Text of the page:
Culture and heritage budgets across England are starting to settle as unitary authorities spend more.
Cuts to local authorities’ culture budgets are slowing, with a 1% drop across England reported to the Government this year.
Figures for 2019/20 show councils and other authorities are allocating a total of £387m for culture and heritage, compared to £391m in 2018/19.
Last year budgets for culture dropped 2.2%, continuing a long-running trend. The total allocation for cultural spending fell by £48m between 2014/15 and 2018/19.
Increased spending on culture by unitary authorities, which combine the powers and functions of several former councils, appears to be stemming the decline. Their spending is budgeted to grow by 4%, while total spending on culture at metropolitan, shire and other authorities outside of London will shrink.
Overall, unitary authorities plan to spend £82.6m on culture next year compared to £79.3m this year. The number of unitary authorities remained constant at 56, although there were some administrative changes. Dorset Unitary Authority absorbed the functions of five local bodies, while Bournemouth, Christchurch and Poole became one unitary authority.
But budgets have decreased at metropolitan districts (-4.6%), shire counties (-2%), shire districts (-1.2%) and other authorities (-2.8%).
London boroughs’ planned spending has increased slightly from £51.6m to £51.8m (up about 0.4%).
Nine fewer councils reported their planned culture spending for 2019/20 than in 2018/19 due to administrative changes.
Debate over figures
However, several councils contacted by ArtsProfessional said the reported figures were “misleading”.
They blamed accounting errors or inconsistencies in how spending was classified each year for the alleged errors.
A spokesperson for Eastleigh Borough Council said the returns, which show its culture and heritage spend budget changed from £146,000 last year to -£71,000 this year, were not an accurate reflection of its spending “as elements of the service are split across different areas of the form, as specified by Government”.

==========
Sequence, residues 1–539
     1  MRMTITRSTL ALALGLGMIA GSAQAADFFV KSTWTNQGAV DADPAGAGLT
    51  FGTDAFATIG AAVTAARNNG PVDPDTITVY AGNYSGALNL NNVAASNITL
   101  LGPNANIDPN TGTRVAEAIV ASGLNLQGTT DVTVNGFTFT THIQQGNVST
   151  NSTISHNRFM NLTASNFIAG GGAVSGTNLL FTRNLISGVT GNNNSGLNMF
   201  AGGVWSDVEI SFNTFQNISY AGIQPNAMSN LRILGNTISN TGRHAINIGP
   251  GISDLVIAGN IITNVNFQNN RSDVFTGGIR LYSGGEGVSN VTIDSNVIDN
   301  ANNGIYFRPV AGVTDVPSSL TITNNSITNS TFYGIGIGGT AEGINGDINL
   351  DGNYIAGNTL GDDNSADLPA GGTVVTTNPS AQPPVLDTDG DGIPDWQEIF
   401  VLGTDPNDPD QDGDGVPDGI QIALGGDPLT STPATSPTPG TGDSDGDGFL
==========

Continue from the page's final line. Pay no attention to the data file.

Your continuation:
The spokesperson pointed to figures in the council’s budget book that show £1.76m has been allocated for culture and heritage in 2019/20 against a projected income of £1.03m: “[There is] a requirement from our general fund of £730,650, which is clearly not a negative spend.”
Colchester Borough Council said its reported spend for 2019/20 – £1.25m compared to £541,000 in 2018/19 – was not offset by income from admissions to Colchester Castle, although last year’s figure was. “There has been no significant increase in budget,” a spokesperson said.
Other councils attributed large year-on-year changes in their reported budgets to changing classifications: Blackpool Unitary Authority’s planned culture spend now includes budgets previously classified under tourism, while the reintroduction of libraries and sporting facilities to Northumberland Unitary Authority’s remit was the cause of a reported 200% increase in culture spending.
Further councils appear to be cutting their culture budgets entirely, continuing a trend from last year, when four councils did this.
New Forest District Council, West of England Combined Authority and the Isles of Scilly are reporting a £0 budget for 2019/20.
But New Forest District Council disputed the figures, saying it had allocated £56,000 to fund five arts and cultural organisations this year and £87,270 the year before. This money was classified as “grants” rather than “culture and heritage”, a spokesperson said. West of England Combined Authority did not respond to a request for comment.